Hispanic Vote - Politics
The Growing Influence of the U.S. Hispanic Voter
In 2017, we live in a new political climate. How does the nation, and the fastest growing ethnic group deal with these changes? OYE! analysis is designed to provide deep insights into what Hispanics say in everyday online conversations. Keep reading to learn more about the Hispanic vote
- During OYE!’s four-week analysis of Hispanic mentions leading up to the 2016 Presidential election, data shows that Clinton’s initial 44% positive sentiment in online mentions dwindled to just 24% by the final week. Further, negative sentiment for Trump was not found to be significantly higher than Clinton’s during the same period.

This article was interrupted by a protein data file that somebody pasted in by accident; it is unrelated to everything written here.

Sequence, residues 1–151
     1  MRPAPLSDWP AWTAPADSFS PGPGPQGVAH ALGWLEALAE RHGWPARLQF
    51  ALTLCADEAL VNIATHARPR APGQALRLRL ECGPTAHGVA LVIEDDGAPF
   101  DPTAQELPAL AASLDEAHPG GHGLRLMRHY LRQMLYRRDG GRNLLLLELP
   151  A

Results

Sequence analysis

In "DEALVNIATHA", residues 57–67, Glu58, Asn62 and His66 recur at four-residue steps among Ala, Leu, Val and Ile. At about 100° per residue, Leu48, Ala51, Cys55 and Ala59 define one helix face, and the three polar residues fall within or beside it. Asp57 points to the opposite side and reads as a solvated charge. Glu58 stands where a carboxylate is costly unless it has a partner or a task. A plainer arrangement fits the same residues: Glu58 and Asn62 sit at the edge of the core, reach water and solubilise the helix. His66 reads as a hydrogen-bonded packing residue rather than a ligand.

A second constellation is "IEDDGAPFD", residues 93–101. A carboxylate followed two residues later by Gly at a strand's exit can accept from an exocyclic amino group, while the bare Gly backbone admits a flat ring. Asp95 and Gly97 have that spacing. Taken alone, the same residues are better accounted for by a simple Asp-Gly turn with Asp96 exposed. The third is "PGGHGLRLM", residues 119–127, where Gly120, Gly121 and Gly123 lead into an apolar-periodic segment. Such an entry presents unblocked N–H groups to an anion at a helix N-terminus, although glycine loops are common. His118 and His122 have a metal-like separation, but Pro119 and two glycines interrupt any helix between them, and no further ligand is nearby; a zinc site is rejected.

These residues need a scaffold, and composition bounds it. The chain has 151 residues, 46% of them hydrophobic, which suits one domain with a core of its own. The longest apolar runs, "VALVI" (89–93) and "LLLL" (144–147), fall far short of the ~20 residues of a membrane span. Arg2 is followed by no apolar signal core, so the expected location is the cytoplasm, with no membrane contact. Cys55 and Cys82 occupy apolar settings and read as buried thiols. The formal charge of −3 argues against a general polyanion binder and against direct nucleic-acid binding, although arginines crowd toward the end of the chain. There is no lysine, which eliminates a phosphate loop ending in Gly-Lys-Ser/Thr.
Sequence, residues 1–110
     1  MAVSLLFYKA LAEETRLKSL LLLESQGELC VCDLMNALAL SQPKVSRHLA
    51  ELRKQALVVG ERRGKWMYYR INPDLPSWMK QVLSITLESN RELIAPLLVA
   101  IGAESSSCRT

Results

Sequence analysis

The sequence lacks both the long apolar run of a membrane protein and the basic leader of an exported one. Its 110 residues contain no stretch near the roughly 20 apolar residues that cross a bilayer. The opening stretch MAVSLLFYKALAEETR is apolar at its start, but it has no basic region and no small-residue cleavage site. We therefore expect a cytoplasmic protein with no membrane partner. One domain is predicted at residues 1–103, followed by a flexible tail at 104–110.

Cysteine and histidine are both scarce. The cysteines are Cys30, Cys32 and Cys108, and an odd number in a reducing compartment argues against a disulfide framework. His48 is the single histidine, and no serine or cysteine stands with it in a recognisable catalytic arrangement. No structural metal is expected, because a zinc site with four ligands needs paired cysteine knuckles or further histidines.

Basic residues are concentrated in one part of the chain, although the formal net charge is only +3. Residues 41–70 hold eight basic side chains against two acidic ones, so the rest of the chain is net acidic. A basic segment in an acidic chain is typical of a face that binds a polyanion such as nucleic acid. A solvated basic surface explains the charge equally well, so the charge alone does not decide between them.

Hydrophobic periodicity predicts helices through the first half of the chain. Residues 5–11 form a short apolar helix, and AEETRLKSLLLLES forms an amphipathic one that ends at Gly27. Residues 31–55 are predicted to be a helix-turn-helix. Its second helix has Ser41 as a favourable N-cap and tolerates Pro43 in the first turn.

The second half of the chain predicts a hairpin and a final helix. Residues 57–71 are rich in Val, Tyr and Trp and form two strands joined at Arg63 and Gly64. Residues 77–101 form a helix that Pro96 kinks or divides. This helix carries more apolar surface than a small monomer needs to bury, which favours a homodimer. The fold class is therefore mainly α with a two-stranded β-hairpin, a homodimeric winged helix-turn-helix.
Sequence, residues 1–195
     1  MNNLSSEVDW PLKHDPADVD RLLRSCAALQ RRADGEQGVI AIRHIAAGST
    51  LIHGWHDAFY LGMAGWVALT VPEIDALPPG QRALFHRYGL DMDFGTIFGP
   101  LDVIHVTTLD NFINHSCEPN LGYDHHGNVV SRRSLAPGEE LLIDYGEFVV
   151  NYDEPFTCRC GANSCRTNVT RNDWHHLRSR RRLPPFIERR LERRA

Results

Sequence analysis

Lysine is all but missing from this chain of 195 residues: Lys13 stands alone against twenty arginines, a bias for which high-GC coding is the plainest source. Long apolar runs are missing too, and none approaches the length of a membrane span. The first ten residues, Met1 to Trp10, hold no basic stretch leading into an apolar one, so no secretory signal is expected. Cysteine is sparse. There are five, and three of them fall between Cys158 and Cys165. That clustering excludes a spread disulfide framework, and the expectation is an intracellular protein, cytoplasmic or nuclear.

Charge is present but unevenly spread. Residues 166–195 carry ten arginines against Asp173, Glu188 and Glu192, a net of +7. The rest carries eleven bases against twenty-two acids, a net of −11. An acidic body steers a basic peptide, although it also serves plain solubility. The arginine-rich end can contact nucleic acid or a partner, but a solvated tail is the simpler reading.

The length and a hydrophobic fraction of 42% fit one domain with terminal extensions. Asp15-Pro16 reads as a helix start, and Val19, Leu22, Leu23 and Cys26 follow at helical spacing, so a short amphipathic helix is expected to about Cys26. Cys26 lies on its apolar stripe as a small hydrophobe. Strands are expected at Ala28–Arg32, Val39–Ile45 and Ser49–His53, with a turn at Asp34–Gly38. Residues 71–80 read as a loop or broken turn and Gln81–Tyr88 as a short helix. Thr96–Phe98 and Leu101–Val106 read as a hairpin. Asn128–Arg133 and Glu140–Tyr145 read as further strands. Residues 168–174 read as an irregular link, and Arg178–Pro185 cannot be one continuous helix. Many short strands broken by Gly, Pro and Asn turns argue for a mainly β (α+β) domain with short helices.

- In 2016 analysis of the Presidential Primaries, certain candidates such as Rand Paul had a high proportion of mentions on Twitter (88%), while other candidates such as Hillary Clinton had a much higher proportion of their mentions coming from Instagram (62%).
- Findings from the 2016 Super Tuesday analysis included that Bernie Sanders resonated across the Hispanic and general market with his persistence to continue on in the race despite losses in these crucial campaigns.
- Hispanics tend to engage with brands, organizations and personalities in the language the conversation is started in. However, for
political figures, users more frequently share their own opinions in Spanish.
- High negative sentiment is not overly surprising for a polarizing topic such as political candidates. Neutral sentiment was mostly delivered via retweets of informative content from each campaign.